HONG KONG - Hong Kong police on Friday told nine more pro-democracy activists that they would face charges for “inciting” people to participate in last week’s rally to commemorate the June 4, 1989, Tiananmen crackdown.
The move came a day after police told Jimmy Lai, founder of the Apple Daily newspaper, and three core members of the Hong Kong Alliance in Support of Patriotic Democratic Movements of China, Richard Tsoi and former lawmakers Lee Cheuk-yan and Albert Ho, that they would be prosecuted on the charge of "inciting others to participate in an unauthorized assembly."
On Friday, the alliance said nine activists, including its vice-chairwoman Chow Hang-tung, core members Cheung Man-kwong and Leung Yiu-chung, as well as chairman of the Labour Party Steven Kwok and Figo Chan, the vice convener of the Civil Human Rights Front, which has organized mass protests including the million-strong demonstration that kicked off the anti-extradition movement in June last year, would also face charges.
The alliance had organized the annual candlelight vigil for 30 years. The event took place uninterrupted until this year, when police banned the event on the grounds that it would pose a "major threat to public health" even though the pandemic has eased in Hong Kong and major leisure facilities including swimming pools and theme parks have reopened.
Thousands, however, defied the police ban and thronged to Victoria Park to commemorate the Tiananmen crackdown anyway. And because police had refused to issue a permit for an organized event, the alliance had urged people in advance to hold individual commemorations, light candles at home, or take part in online meetings on the 31st anniversary of the military crackdown.
In a statement late Thursday, police said they issued a notice of objection to the organizers of the June 4 candlelight vigil, but “some people still ignored it and called on the public to attend an unauthorized rally in Victoria Park.”
Without giving names, the police statement said it had applied to the court for a summons of four men aged between 52 and 72 on the charge. Police said they could arrest more people involved in the case. Police have not immediately responded to a reporter’s request for comments on Friday.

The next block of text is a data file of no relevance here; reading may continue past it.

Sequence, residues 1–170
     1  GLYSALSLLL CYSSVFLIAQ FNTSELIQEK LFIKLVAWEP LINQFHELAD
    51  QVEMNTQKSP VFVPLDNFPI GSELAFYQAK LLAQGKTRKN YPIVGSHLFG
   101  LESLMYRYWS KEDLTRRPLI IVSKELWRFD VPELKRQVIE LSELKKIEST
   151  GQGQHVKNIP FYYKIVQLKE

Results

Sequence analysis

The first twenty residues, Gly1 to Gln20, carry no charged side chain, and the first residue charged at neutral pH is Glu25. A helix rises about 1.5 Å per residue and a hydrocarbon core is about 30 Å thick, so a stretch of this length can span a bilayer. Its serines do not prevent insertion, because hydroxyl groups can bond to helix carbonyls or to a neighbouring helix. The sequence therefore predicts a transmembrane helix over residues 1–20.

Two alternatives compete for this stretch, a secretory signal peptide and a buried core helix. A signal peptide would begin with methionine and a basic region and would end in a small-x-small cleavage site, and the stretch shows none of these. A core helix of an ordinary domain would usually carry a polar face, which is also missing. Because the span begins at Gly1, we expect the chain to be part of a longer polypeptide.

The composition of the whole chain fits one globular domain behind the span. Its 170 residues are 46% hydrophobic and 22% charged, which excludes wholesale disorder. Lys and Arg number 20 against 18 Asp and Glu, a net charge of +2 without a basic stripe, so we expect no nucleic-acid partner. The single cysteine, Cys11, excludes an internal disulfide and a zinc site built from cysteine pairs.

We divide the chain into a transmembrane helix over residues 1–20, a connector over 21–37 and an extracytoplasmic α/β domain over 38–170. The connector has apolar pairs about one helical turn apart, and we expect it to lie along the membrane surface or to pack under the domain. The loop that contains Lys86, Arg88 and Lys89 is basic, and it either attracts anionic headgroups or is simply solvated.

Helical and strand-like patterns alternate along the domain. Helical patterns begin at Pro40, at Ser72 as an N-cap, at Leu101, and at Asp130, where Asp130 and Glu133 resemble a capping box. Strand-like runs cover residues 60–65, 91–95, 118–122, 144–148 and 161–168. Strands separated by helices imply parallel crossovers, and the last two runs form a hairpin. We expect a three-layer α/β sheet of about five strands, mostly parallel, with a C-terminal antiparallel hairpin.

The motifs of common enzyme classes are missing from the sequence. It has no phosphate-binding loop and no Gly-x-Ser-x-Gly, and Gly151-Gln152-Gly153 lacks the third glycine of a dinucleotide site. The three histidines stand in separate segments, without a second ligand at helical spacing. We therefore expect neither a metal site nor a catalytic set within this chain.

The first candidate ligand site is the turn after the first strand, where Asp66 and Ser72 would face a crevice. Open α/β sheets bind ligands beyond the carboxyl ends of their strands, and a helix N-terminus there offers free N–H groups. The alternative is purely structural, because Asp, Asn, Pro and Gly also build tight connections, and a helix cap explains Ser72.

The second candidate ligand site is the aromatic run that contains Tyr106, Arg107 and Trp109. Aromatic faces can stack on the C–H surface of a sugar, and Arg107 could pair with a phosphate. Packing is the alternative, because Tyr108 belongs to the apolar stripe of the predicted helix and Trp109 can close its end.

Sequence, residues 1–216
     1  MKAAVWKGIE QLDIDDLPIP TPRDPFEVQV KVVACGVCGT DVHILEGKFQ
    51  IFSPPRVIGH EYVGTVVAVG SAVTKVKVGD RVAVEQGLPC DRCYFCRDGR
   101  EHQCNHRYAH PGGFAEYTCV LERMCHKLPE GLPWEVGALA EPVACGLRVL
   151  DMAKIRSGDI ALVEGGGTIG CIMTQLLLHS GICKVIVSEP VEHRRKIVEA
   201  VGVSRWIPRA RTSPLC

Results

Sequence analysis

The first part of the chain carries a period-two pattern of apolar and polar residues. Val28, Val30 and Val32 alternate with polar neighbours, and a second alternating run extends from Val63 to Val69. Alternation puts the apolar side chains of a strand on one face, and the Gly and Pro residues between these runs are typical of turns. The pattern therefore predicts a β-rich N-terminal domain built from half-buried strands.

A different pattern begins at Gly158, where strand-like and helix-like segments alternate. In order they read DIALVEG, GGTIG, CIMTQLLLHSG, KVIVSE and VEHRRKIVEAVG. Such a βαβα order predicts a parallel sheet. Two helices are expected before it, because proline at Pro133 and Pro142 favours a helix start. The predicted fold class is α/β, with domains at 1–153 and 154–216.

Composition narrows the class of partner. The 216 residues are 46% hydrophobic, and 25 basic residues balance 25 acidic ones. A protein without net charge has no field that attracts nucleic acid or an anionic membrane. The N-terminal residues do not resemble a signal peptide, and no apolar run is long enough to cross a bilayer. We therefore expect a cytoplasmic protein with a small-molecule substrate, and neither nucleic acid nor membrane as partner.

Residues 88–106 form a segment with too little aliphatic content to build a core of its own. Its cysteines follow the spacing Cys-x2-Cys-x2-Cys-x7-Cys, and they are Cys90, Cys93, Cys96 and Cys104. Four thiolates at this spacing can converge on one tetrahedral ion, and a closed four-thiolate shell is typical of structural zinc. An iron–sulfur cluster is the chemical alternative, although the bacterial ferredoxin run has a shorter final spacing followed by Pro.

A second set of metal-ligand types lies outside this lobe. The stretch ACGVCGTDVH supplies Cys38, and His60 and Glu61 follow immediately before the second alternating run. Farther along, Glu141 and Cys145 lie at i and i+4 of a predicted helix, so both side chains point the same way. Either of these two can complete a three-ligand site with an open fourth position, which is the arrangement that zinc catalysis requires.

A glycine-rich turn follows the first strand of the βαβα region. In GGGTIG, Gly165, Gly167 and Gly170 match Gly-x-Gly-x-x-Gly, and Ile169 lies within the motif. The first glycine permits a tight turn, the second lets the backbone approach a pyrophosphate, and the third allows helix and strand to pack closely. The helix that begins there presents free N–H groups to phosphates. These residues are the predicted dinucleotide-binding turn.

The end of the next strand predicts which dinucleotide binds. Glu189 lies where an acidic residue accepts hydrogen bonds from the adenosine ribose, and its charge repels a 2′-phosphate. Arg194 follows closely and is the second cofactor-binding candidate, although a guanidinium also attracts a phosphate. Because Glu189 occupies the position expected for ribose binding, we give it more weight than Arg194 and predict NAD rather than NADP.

Six of the people contacted by police, Lai, Lee, Ho, Tsoi, Leung and Chan, are also among the 15 prominent democracy activists arrested by police in mid-April on charges of illegal assembly in the biggest crackdown on the semi-autonomous city’s pro-democracy movement since mass, sometimes violent anti-government protests rocked the former British colony in June last year.
Lai is also currently on bail for allegedly intimidating a reporter from the pro-Beijing media at a vigil in 2017. He has pleaded innocent to a count of criminal intimidation, and a trial is scheduled to begin August 18.
Ho told the VOA that the government was using the coronavirus pandemic as an excuse to crack down on freedom of speech and assembly. “The police did not stop or disperse people on the night. Now they are settling accounts and carrying out political suppression,” he said.
Tsoi told the VOA he was “very angry about the prosecutions.”
“We didn’t incite people to participate in an unauthorized assembly … We told people that it couldn’t go ahead and told them to hold individual commemorations,” he said.
“This is a politically motivated crackdown to intimidate Hong Kong people and to suppress the June 4 and other assemblies,” Tsoi said.
Hong Kong’s freedoms are under unprecedented threats after China’s parliament, the National People’s Congress, passed a plan in late May to impose sweeping national security laws on Hong Kong to prevent and punish “acts and activities” that threaten national security, including advocacy of secession, subversion and terrorism and foreign interference. The plan, which bypassed Hong Kong’s legislature, would also allow Chinese national security organs to set up agencies in the city.
China insisted that such laws were necessary to halt anti-government protests in Hong Kong, which began in June last year. The movement, which started off being peaceful but turned violent as frustrations mounted, was sparked by a controversial extradition law that could see individuals sent to mainland China for trial.
Meanwhile, Hong Kong’s security chief, John Lee, said police were setting up a special unit to enforce the upcoming national security law. He said it would be ready to function on the “very first day” the controversial legislation takes effect, according to the South China Morning Post, a leading Hong Kong newspaper.
Lee said the new unit would have intelligence gathering, investigation and training capabilities but declined to elaborate on how Hong Kong police would work with the agency set up by China’s national security authorities after the law is in place.